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European refusal to discuss post-Brexit aviation risks flight chaos, industry warns

Air travel could grind to a halt after Brexit because of the European Commission's refusal to start talks about a new agreement on aviation, Britain’s aerospace industry has warned.
ADS, the body representing the sector, has written to the Commission repeating a warning that the industry’s complex and highly regulated nature means unless discussions are started now aircraft could be grounded.
The group has pointed out that the Commission’s refusal to start talks contradicts its own position set out in July advising all parties - regardless of whether a deal is agreed - to step up preparations and “take responsibility for their specific situation”.
ADS also pointed to the European Council’s statement in June in which it “renewed its call upon member states, union institutions and all stakeholders to step up their work on preparedness at all levels for all outcomes”.
Currently the UK is part of EASA, which controls aerospace regulation in Europe and has established standards that work with similar bodies around the world.
European refusal to discuss post-Brexit aviation risks flight chaos, industry warns

Brexit Secretary Dominic Raab and EU chief negotiator Michel Barnier

Credit:
Bloomberg 
Paul Everitt, chief executive of ADS, said the UK’s own Civil Aviation Authority (CAA) had already had “detailed talks” about potential problems with counterparts in the US, Canada and Brazil.
He added: “As long as the Commission blocks similar discussions between the CAA and EASA it fosters uncertainty and risks legal liability, insurance and passenger safety issues for the global aviation and aerospace industry.”
European refusal to discuss post-Brexit aviation risks flight chaos, industry warns

Flights to and from the UK - and even over UK airspace - could be threatened by a No Deal Brexit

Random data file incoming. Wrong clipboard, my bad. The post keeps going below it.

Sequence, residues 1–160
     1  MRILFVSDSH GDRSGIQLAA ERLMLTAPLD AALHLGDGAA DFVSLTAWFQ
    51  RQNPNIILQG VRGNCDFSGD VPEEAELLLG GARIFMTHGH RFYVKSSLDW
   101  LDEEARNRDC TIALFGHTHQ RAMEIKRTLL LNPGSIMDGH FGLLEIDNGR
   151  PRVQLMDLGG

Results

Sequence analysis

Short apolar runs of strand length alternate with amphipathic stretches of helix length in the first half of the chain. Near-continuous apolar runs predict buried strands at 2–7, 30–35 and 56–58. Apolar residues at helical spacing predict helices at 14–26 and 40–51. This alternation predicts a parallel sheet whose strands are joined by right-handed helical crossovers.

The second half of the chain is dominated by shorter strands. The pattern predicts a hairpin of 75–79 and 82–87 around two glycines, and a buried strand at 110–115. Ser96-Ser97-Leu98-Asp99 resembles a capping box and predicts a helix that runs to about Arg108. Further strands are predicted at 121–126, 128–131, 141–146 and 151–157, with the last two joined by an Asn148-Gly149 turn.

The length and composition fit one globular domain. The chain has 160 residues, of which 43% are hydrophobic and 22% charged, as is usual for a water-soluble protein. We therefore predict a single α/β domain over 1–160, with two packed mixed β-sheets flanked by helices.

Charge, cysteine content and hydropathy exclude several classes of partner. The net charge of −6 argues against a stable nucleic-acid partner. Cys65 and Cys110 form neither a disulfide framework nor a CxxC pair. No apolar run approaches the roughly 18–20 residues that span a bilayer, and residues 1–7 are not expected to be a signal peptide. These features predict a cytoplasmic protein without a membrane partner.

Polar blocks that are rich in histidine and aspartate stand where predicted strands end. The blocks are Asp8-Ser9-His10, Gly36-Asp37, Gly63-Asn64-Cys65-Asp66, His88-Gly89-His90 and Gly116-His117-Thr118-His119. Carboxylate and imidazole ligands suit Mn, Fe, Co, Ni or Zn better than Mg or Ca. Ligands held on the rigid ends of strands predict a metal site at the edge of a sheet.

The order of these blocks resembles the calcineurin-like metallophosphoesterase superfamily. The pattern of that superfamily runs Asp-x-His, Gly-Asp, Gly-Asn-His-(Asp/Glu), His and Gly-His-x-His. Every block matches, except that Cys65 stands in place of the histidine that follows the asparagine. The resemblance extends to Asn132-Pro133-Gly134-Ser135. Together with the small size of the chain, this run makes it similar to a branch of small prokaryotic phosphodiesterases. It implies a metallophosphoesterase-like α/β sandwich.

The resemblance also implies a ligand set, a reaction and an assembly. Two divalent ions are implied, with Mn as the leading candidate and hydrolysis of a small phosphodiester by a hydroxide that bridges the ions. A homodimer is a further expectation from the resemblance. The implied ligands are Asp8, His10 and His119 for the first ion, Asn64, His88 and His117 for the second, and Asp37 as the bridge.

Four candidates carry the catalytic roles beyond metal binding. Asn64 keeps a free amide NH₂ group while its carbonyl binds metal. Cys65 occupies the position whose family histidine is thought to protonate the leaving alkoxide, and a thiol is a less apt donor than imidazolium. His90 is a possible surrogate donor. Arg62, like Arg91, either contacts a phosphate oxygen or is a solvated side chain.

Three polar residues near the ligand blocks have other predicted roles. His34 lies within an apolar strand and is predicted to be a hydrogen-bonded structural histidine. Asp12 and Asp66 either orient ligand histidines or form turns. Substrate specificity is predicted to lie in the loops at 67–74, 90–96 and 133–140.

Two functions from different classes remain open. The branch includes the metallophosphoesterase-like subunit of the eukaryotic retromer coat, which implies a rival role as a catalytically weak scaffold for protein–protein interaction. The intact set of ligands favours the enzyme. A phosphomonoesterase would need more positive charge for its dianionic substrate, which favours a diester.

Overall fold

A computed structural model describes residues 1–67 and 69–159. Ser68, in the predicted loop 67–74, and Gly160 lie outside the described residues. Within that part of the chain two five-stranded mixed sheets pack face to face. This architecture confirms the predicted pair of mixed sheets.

Credit:
Geoff Pugh
However, Britain leaving the EU without a deal could throw the global aviation industry into chaos with the UK’s role in EASA uncertain.
There are fears that airlines would be unable to schedule flights in and out of the UK, foreign aircraft might not be able to fly in UK airspace and vice versa, while pilots and engineers could suddenly find their qualifications invalidated.
Other concerns relate to aircraft components made by the UK’s ?35bn-a-year aerospace sector - the world’s second largest - which might not be certified to fly until an agreement is drawn up. This could affect everything from wings built by Airbus in the UK to Rolls-Royce engines, which power many of the world's airlines. 
In June ADS and its European counterpart GAMA wrote to EC chief negotiator Michel Barnier saying aerospace needed to be separated from political discussions about Brexit.
European refusal to discuss post-Brexit aviation risks flight chaos, industry warns

ADS chief executive Paul Everitt says the European Commission is at odds with itself by blocking aerospace talks
The groups said as much time as possible was needed to work through the intricate regime that ensures aerospace safety. Even if a Brexit deal is ratified before the deadline of March 2019, they questioned whether a years-long transition period would be sufficient to process the huge volume of regulations.
Replying to the letter, EC deputy chief negotiator Sabine Weyand said: “Without sufficient clarity on the outcome of the withdrawal process and the future UK legal framework, such discussions would be premature.”
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